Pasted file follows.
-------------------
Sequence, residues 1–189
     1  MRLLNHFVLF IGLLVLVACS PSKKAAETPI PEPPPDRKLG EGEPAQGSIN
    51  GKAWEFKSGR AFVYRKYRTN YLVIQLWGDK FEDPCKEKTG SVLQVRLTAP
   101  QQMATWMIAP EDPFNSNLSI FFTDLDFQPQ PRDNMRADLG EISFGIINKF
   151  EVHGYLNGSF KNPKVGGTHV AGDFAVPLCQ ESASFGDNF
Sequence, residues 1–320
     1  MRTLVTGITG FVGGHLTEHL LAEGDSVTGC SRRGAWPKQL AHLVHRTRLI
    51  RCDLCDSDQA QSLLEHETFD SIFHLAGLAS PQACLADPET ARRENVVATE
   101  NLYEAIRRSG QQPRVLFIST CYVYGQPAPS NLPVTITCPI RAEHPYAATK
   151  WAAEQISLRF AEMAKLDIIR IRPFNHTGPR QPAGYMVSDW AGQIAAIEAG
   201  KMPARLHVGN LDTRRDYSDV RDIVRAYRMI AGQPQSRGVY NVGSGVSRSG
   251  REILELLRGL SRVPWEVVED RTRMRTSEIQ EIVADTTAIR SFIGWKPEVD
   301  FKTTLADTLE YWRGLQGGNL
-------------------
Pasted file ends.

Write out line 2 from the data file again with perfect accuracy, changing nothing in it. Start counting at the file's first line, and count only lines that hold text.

     1  MRLLNHFVLF IGLLVLVACS PSKKAAETPI PEPPPDRKLG EGEPAQGSIN